How Can Hypnosis Help Me?
Do you want to make a change in your life, but just can’t seem to do it? Maybe you want to quit smoking, manage stress, improve performance, or overcome a negative habit. Maybe you have a fear that limits your life, like a fear of driving or flying. Possibly you get nervous and tense at the thought of being in social situations, making a presentation, or going on an interview. Maybe you want to get out of the habit of negative thinking and worrying. Simply put, hypnosis helps to neutralize ineffective behavior patterns, beliefs, and emotions stored in the subconscious mind.
Is Hypnosis “Legitimate”?
Hypnosis has been (and continues to be) extensively researched, and its effectiveness has been demonstrated over and over again. As a result of high-tech imaging techniques and the emerging field of neuroscience, scientists have demonstrated the influence of hypnosis on the brain. Hypnosis is taught at medical schools and is in use at major medical centers wordwide. It may be referred to as guided imagery, creative visualization, or NLP, which are actually techniques used as part of the hypnotic process. There have been numerous clinical studies on the use of hypnosis in smoking cessation, weight loss, stress reduction, pain control, healing, irritable bowel syndrome, reduction of chemotherapy side effects, and more. Even the government’s National Institute of Health (NIH) has conducted studies demonstrating the benefits of hypnosis.
What Is Hypnosis?
Hypnosis is a powerful vehicle for change that is in use worldwide. When you are in a hypnotic state, your body relaxes, your range of focus narrows, brain wave activity shifts, and you are receptive to positive suggestions that are in harmony with your goals. The analytical and intellectual part of your mind (the conscious) quiets down; and the part of your mind that determines much of your behavior and stores feelings, emotions, and memories (your subconscious mind) is more easily accessed. In this state, it is easier to recall and even re-experience events. Hypnosis is a natural and spontaneous state—one that you’ve been in many times, perhaps without even realizing it, such as when you were caught up in a good book, movie, or TV program, or when you “zoned out” while driving your car.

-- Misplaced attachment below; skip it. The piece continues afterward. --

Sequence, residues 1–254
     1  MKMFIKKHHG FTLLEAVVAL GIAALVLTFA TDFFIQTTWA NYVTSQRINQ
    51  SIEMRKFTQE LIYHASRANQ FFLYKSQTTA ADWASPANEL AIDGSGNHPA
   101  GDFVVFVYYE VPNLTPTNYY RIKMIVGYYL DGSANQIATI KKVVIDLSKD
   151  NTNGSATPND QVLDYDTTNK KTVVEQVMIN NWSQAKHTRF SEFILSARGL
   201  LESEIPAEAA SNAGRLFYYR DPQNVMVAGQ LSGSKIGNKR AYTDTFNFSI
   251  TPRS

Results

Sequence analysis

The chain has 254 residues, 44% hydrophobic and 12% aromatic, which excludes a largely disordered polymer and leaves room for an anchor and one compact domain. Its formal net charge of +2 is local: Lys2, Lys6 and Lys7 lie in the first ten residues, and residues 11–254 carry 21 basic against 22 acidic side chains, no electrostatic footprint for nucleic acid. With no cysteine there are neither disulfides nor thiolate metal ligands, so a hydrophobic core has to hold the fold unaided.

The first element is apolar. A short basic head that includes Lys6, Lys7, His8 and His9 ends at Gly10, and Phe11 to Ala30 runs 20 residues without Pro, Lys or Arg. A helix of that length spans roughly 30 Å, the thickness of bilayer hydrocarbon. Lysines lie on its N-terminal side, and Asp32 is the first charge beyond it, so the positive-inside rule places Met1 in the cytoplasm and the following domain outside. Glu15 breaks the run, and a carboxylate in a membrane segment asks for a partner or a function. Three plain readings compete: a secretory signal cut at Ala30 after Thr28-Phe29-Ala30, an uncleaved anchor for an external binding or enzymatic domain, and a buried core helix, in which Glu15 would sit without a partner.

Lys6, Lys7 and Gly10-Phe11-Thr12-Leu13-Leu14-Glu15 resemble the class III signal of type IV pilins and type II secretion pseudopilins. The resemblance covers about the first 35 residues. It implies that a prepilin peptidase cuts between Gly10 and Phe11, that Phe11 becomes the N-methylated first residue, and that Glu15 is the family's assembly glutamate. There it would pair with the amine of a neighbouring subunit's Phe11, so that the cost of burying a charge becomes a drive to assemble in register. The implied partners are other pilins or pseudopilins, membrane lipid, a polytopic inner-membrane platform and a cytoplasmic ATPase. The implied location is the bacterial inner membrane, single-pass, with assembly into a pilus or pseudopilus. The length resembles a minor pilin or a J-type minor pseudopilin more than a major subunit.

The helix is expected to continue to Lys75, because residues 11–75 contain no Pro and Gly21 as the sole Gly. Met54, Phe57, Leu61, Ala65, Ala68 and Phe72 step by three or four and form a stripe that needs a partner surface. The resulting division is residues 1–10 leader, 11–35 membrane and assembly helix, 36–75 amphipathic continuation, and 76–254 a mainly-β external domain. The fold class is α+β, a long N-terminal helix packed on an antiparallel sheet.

What Does It Feel Like To Be Hypnotized?
Within a matter of minutes, the cares and concerns of the day leave you. Tense muscles relax and other positive physiological changes take place. Some clients report feeling “light and floaty,” while others say they feel like they’re “melting into the chair.” Others say they have no concept of their body whatsoever. Everybody’s experience is unique. It’s been said that being in hypnosis for even a few moments creates the feeling of having slept for hours. Yet, when you are in a hypnotic state, you are focused and your subconscious mind is very receptive to positive suggestions. You hear everything that is being said, and you respond to questions if they are asked. You are always in control of your responses and behaviors. Your ability to enter a hypnotic state increases with each session—and with the practice of self-hypnosis. Hypnosis is not sleep.
Can Anyone Be Hypnotized?
Just about anyone who wants to be, can be. Anyone of average or above average intelligence can be hypnotized and in fact spontaneously goes into hypnosis several times a week. As noted above (see “What is Hypnosis?”) our brains are hardwired for hypnosis, and you’ve spontaneously entered this state many times.